An Unexpected Encounter
By Kearrin Sims
4 June 2012
PhD Candidate Kearrin Sims makes an unexpected encounter with his research on Laos while in Tokyo City.
One of the most interesting (and exhausting) things about doing PhD research is that you start to see representations of your research interests everywhere you go. Recently I was in Tokyo city (en-route to Sweden to participate in the STINT research exchange program between ICS and Linkoping University), when I chanced upon a rather unexpected encounter with my research on Laos. Japan has long been Laos’ largest foreign aid donor and, upon landing in Tokyo’s Narita airport, I had not yet collected my luggage before I found myself considering the linkages between the two countries. Laos’ Wattay international airport in Vientiane is currently undergoing upgrades that are being funded by Japanese aid. The Urban Master Development Plan that sets out the guidelines for the transformation of Vientiane into a ‘modern’ Asian city has also been developed through Japanese financial and technical assistance. Finally, while ‘ultra-modern’ Japan has historically been the only country in the world to have a high-speed bullet train transportation system, even ‘Least Developed’ Laos now has plans to develop a high-speed rail project (albeit with the support of the Chinese rather than Japanese government). In short, Japan is certainly one of the key ‘players’ involved in opening Laos up to the interests, influences and investments of the wider Asian region.
Collecting my luggage and making my way out of the airport I took a train to Tokyo’s famous Shinjuku station in search of something to eat. Adding myself to the some two million people that pass through the station each day, I had not long exited the station's gates before I found myself confronted by a sudden downpour of rain. Dashing into the nearest sheltered area, I ended up in a Zara clothing store where I was shocked to find four pastel coloured t-shirts laid out to spell the word ‘Laos’. According to the company website, Zara is one of the world’s largest international fashion labels with more than 1200 stores worldwide. Known for producing new designs at a rate far quicker than many of their competitors, Zara’s Laos inspired t-shirts include phrases such as ‘Laos – simply beautiful’ and ‘Laos – the Original Asia’. Each t-shirt contains one large letter on the front (L, A, 0 or S), which is filled in with photographic representations of Laos that mostly include Mekong river scenery.
While I was surprised to see such an ‘unknown’ country as Laos represented on t-shirts that are designed by a Spanish fashion company I was much less surprised by their depictions of Laos. The ‘back in time’ or ‘original Asia’ imagery the t-shirts present is yet another example of the widely displayed representations of Laos as a peaceful, serene and globally-detached historical space; a land-locked Buddhist ‘Shangri-la’ that has not been contaminated by the destructive forces of modernisation or globalisation. Such depictions of Laos have been prevalent since the French colonial era and remain a mainstay of the way in which the country is promoted within the tourism industry. While it is true that Laos is a beautiful country, it is also a country that is undergoing rapid social, cultural and economic change. Alongside the tourism sector's representations of ancient Laos is a parallel discourse within the development sector that stresses the need to change the country’s ‘backward’ status; to open it up to the forces of globalisation so the country can become more ‘modern’ and thus, more developed.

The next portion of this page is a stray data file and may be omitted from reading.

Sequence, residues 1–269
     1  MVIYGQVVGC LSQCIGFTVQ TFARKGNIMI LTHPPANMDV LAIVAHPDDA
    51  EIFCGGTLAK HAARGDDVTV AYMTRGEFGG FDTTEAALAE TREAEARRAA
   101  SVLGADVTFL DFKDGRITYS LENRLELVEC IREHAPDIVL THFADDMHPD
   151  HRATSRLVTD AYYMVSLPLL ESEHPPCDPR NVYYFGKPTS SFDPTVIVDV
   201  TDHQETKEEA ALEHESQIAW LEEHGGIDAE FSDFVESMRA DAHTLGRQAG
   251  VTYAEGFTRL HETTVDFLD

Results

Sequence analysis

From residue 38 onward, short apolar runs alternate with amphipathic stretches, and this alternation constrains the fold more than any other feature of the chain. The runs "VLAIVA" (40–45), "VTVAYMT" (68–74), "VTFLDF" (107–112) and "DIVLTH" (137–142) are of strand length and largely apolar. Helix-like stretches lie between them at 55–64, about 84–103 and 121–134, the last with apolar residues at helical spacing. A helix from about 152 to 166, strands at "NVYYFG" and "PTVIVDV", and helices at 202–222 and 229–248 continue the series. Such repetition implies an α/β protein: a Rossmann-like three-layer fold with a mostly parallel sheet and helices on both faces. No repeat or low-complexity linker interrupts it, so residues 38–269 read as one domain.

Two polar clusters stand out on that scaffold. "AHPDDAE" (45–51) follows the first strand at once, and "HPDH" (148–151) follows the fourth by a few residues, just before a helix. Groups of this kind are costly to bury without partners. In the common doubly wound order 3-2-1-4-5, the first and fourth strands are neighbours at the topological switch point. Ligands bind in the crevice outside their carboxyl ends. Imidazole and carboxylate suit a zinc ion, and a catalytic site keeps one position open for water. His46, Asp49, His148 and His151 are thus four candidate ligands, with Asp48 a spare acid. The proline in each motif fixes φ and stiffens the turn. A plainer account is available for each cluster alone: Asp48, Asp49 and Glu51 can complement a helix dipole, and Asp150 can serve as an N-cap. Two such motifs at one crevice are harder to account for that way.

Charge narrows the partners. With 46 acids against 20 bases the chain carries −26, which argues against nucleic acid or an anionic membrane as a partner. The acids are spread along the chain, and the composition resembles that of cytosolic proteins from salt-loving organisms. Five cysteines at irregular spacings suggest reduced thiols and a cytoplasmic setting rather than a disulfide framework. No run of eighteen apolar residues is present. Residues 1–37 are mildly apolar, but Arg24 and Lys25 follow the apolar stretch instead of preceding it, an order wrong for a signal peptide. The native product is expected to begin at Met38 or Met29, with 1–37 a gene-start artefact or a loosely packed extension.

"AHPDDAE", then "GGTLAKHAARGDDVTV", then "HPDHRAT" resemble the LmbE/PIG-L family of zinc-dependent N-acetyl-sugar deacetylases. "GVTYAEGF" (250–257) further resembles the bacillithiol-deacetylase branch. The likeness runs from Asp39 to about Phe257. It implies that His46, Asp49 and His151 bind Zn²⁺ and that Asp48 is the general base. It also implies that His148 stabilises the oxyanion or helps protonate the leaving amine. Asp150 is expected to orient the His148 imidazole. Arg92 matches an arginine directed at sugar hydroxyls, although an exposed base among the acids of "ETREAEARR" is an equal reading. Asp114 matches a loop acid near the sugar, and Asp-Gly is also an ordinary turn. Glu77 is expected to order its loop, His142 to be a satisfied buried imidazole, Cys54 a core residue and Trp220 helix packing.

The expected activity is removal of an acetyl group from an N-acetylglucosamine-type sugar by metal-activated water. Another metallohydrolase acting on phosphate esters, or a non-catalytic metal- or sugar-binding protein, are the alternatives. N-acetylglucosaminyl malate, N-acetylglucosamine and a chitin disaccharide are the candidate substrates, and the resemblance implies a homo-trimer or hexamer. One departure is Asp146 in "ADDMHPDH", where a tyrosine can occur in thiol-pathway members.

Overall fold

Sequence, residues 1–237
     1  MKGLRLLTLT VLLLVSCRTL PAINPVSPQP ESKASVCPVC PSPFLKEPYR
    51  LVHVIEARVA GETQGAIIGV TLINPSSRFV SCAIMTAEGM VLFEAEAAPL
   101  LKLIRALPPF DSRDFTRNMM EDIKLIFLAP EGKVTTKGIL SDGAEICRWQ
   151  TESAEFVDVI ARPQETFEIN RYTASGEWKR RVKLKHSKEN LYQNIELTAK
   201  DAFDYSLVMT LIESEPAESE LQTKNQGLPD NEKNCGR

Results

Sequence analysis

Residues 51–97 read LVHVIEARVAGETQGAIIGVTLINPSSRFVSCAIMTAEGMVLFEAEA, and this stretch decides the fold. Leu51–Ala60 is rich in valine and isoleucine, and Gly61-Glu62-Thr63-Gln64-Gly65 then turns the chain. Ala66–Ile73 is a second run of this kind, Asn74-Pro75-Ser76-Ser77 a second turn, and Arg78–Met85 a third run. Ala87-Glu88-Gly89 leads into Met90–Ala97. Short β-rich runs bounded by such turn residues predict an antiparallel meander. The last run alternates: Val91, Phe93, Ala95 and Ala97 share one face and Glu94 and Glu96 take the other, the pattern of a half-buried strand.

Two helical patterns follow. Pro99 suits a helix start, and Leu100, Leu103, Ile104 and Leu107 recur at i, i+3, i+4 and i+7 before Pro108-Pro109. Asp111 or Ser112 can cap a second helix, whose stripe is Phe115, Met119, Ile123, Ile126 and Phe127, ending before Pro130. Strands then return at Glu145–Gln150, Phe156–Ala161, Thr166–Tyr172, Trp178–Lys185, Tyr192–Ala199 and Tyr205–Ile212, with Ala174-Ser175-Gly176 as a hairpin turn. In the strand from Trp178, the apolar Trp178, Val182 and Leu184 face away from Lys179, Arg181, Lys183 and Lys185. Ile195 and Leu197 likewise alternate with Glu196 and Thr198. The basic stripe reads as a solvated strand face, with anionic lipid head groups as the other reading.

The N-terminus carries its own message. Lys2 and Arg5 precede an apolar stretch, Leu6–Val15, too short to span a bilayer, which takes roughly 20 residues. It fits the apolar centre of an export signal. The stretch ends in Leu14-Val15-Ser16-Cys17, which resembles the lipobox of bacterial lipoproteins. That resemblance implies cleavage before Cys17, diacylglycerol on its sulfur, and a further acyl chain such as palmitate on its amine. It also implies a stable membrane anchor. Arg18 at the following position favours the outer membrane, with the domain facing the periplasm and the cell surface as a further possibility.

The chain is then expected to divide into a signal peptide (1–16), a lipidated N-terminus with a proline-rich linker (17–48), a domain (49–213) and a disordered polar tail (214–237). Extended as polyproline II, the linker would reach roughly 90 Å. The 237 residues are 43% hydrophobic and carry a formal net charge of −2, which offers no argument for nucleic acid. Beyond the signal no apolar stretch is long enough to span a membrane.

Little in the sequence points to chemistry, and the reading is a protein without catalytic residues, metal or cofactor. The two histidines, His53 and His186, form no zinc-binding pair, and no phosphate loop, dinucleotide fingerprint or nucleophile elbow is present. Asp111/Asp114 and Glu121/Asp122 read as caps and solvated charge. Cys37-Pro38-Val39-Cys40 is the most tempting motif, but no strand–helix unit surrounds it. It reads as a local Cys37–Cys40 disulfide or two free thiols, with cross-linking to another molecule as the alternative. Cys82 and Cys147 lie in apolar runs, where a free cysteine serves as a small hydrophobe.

Indeed it is likely that it is largely a result of these very forces of increased connectivity and growing transcultural recognition of Laos that has led Zara to feature Lao inspired designs on their t-shirts. Yet at the same time, the modernisation of Laos is also leading to changes within the country that may soon make the long-held representations of Laos depicted on these t-shirts a thing of the past. Beyond my own correlations between Laos and the rest of the Asian region, it is undeniable that the small land-locked country is gaining increasing recognition from those beyond its own immediate borders even, it seems, into the world of fashion.
As Laos continues to become more regionally connected, and as official development assistance within the country continues to be sidelined by ever-increasing levels of private investment from its regional neighbours (such as China, Korea, Vietnam and Thailand), the balance between the cultural preservation of ‘ancient Laos’ and the rapid modernisation of the country is quickly shifting towards a greater emphasis on the latter. In regards to the t-shirts I stumbled upon in Zara, a new megamall development project in the Vientiane (one of many new developments taking place in the capital) will bring many new global brands into Laos, reportedly including a Zara store. Perhaps if the t-shirts are reprinted in 2 or 3 years, Zara will be able to sell them directly to the Lao people themselves, although as time goes on I am not sure how accurate their current depictions of Laos will remain. Given the rapid pace of change currently taking place in Laos, I can’t help but wonder what these t-shirts would say if they were re-printed in 10-20 years time. Under Laos’ current development projections it seems, unfortunately, that future t-shirt designs of the country would be most likely to say something along the lines of ‘Laos, a transit highway for Chinese and Thai economic exchange’, or ‘Laos, a country of vast environmental degradation and ever-widening inequality’….
Post Script: Later, at another Zara store in Stockholm I went to check if the Laos t-shirt designs were also on display there and found them laid out spelling the word ‘AOLS’. It seems that Laos’ growing recognition within the Asian region is not yet being noticed within the Western world.